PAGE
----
If there is no conductive path allowing current to flow through the coil, the voltage generated by the collapsing magnetic field builds up until something blocking current flow fails, thereby allowing curent to flow to dissipate the energy of the collapsing field. The failure can be in the insulation between coil windings or in the air between the end of the coil and the conductor that is breaking the circuit. If it is in the insulation you will usually not be aware of it until enough damage accumulates to cause an obvious problem. If it is in the air, it is often perceptable in the form of a tiny or large (depending upon the size of the inductor) arc between the breaking contacts. Note that this is the principle of the Kettering engine ignition system in which the points interrupt the current and the voltage builds up until the gap of the spark plug breaks down and you get an ignition spark.

awright
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telomere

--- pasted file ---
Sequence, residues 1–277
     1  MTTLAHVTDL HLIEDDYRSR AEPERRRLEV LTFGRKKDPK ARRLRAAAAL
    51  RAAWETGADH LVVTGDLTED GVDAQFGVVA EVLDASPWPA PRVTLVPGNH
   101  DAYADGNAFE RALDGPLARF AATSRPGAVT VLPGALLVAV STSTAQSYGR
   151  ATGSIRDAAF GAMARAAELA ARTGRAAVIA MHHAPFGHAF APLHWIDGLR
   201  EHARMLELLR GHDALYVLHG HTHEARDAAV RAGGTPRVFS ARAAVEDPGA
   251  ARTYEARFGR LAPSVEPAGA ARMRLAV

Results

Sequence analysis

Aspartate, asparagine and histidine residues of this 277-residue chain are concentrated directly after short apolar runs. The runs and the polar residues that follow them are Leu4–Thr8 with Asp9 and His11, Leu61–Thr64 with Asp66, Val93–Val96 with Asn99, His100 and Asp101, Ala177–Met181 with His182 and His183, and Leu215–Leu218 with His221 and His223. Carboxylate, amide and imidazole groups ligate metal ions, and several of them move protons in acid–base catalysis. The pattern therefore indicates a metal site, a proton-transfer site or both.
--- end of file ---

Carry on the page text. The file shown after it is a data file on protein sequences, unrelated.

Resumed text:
Posted: January 18, 2011 07:03 am
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QUOTE (kenw232 @ January 17, 2011 09:09 pm)
Hi, a coil is like a capacitor or battery when charged correct? So if I took a large coil, ran a large current through it, and quickly disconnected the leads from the power source (assume this is possible)

Ever unplug a motor while it's running, and see the big spark? That's what happens when you quickly disconnect an inductor. wink.gif


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AdamO
Posted: January 18, 2011 08:54 am
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I used to have trouble with this one too.